“The woods are lovely dark and deep”. So goes the poem by Pulitzer Prize-winning American poet Robert Frost, and what better words to sum up our exploration of the best places to go forest bathing in London?
Originating in Japan, shinrin-yoku is the practice of absorbing the forest’s atmosphere as a natural way to reduce stress, boost your mental health and even strengthen your immune system.
But while everyone loves a traipse through the trees, what takes a casual walk in the woods to the spiritual heights of forest bathing?
In a word, mindfulness. And in more words, our blog. So read on as we take you through the steps of shinrin-yoku and show you some great places to go forest bathing in London.
How do you forest bathe?
To feel the full effects of forest bathing, the secret is to slow down and become fully aware of your surroundings.
Start with some slow, steady breathwork – in through the nose, out through the mouth – to help you fully relax and awaken to your senses. Then close your eyes and follow these steps:
– Touch: notice how the air touches your skin. Is everything still and warm, or is there a cool breeze causing your follicles to rise? Notice the sensation.
– Smell: take in a deep breath and make a note of the scents that are in the air – do you recognise any? Are you reminded of anything?
– Taste: purse your lips as if sucking a straw and draw in some air. Notice how it tastes as it crosses your tongue and goes down into your body.
– Listen: take in all the sounds of nature, noting the ones that are close by and further away. The chirping of birds, the rustling of leaves… what can you hear?
– Imagine: picture yourself with roots growing down from your body into the earth below. Channel your attention to follow them down into the ground – what do they encounter as they push ever deeper?
– Feel: place your hands on your chest and breathe into your heart space. Gently turn around and see which direction your heart tells you to face. What’s the feeling like?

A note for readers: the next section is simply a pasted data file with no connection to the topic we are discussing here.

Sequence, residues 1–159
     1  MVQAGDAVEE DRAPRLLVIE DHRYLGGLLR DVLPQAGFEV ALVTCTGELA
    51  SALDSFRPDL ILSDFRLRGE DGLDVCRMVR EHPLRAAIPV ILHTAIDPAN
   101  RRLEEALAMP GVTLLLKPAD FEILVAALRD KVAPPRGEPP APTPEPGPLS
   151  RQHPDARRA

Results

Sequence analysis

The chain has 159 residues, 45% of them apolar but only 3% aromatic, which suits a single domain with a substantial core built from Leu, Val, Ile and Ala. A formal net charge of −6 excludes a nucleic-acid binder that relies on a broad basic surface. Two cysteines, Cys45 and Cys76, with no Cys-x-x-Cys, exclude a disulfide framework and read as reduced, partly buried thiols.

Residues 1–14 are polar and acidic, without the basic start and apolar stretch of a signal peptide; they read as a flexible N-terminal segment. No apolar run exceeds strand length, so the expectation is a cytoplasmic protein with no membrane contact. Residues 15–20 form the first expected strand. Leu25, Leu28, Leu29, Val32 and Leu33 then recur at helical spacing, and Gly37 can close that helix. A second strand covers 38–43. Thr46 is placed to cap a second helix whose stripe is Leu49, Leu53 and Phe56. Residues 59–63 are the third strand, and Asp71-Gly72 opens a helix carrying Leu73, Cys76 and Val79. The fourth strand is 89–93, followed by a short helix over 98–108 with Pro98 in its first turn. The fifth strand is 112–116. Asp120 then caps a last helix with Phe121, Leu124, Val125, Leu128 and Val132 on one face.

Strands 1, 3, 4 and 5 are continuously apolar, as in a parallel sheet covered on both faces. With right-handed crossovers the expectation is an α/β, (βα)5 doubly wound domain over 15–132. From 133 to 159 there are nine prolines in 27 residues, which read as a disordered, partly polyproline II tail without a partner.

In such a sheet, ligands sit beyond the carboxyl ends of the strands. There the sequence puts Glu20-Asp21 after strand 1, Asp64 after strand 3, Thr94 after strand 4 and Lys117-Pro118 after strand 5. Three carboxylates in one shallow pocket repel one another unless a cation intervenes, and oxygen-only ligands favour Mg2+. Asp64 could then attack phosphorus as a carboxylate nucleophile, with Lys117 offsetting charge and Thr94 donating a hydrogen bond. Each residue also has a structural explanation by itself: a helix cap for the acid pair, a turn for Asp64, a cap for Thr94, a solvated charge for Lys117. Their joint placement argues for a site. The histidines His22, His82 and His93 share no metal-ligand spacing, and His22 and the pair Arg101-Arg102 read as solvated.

– See: pause for a moment – or for however long until you’re ready, then gradually open your eyes to let the world slowly come into focus. What becomes clear first? Do you notice anything new?
Now that you’ve opened up your senses, you might choose to take a slow walk or just sit for a while and enjoy where you are. Whatever you decide, take the opportunity to bathe in the beauty of the natural world around you.
So… ready for the real thing? Then let’s take a look at some of the best places to go forest bathing in London.
Sydenham Hill Wood & Dulwich Wood
These two adjacent areas of woodland make up the largest surviving tract of the Great North Wood that once stretched from Croydon to Camberwell, before Croydon and Camberwell ever existed. Today this local nature reserve covers ten hectares and is a site of Metropolitan Importance for Nature Conservation.
The uneven pathways keep cyclists at bay (in fact, they’re banned), which guarantees a slow pace and zero pinging of bells. In earlier times, trains ran through on the Crystal Palace and South London Junction Railway, ferrying visitors to the relocated Crystal Palace on a route from Brixton via stations at Lordship Lane. Remains of that Victorian heritage can be found in the ruins of the Sydenham Folly – a garden feature that was built in the grounds of a large house that used to occupy the site.
Getting here is enough with, the the 176, 185, 197 and P4 buses stopping on the South Circular Road at the nearby Honiman Museum (also well worth a visit), or the 356 and 363 stopping on Sydenham Hill at Crescent Wood Walk.